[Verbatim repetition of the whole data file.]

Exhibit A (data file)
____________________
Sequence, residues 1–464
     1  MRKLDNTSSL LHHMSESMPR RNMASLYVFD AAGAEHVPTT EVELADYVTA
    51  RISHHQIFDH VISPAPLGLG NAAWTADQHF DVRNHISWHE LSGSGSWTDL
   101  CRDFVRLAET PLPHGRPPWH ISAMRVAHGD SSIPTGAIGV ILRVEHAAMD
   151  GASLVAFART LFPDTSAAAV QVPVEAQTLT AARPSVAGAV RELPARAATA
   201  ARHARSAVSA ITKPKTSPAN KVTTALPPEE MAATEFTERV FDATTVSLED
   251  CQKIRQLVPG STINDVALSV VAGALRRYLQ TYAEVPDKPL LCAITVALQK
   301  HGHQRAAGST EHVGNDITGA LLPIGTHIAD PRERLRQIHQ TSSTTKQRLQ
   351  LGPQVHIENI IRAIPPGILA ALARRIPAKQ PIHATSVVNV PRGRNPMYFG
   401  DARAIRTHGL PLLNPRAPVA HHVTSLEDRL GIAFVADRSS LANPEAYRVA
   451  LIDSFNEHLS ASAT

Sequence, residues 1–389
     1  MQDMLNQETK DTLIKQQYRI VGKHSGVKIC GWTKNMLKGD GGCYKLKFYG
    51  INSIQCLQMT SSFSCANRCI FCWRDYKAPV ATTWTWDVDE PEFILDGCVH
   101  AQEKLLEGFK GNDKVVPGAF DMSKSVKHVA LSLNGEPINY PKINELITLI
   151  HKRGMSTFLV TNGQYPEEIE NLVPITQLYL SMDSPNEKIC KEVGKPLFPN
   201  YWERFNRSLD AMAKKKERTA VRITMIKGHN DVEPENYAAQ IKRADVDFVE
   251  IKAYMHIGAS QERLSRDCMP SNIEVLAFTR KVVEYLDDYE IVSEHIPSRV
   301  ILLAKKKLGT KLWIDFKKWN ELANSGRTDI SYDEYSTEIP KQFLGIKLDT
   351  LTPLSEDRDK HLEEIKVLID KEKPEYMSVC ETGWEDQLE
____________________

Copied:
Sequence, residues 1–464
     1  MRKLDNTSSL LHHMSESMPR RNMASLYVFD AAGAEHVPTT EVELADYVTA
    51  RISHHQIFDH VISPAPLGLG NAAWTADQHF DVRNHISWHE LSGSGSWTDL
   101  CRDFVRLAET PLPHGRPPWH ISAMRVAHGD SSIPTGAIGV ILRVEHAAMD
   151  GASLVAFART LFPDTSAAAV QVPVEAQTLT AARPSVAGAV RELPARAATA
   201  ARHARSAVSA ITKPKTSPAN KVTTALPPEE MAATEFTERV FDATTVSLED
   251  CQKIRQLVPG STINDVALSV VAGALRRYLQ TYAEVPDKPL LCAITVALQK
   301  HGHQRAAGST EHVGNDITGA LLPIGTHIAD PRERLRQIHQ TSSTTKQRLQ
   351  LGPQVHIENI IRAIPPGILA ALARRIPAKQ PIHATSVVNV PRGRNPMYFG
   401  DARAIRTHGL PLLNPRAPVA HHVTSLEDRL GIAFVADRSS LANPEAYRVA
   451  LIDSFNEHLS ASAT

Sequence, residues 1–389
     1  MQDMLNQETK DTLIKQQYRI VGKHSGVKIC GWTKNMLKGD GGCYKLKFYG
    51  INSIQCLQMT SSFSCANRCI FCWRDYKAPV ATTWTWDVDE PEFILDGCVH
   101  AQEKLLEGFK GNDKVVPGAF DMSKSVKHVA LSLNGEPINY PKINELITLI
   151  HKRGMSTFLV TNGQYPEEIE NLVPITQLYL SMDSPNEKIC KEVGKPLFPN
   201  YWERFNRSLD AMAKKKERTA VRITMIKGHN DVEPENYAAQ IKRADVDFVE
   251  IKAYMHIGAS QERLSRDCMP SNIEVLAFTR KVVEYLDDYE IVSEHIPSRV
   301  ILLAKKKLGT KLWIDFKKWN ELANSGRTDI SYDEYSTEIP KQFLGIKLDT
   351  LTPLSEDRDK HLEEIKVLID KEKPEYMSVC ETGWEDQLE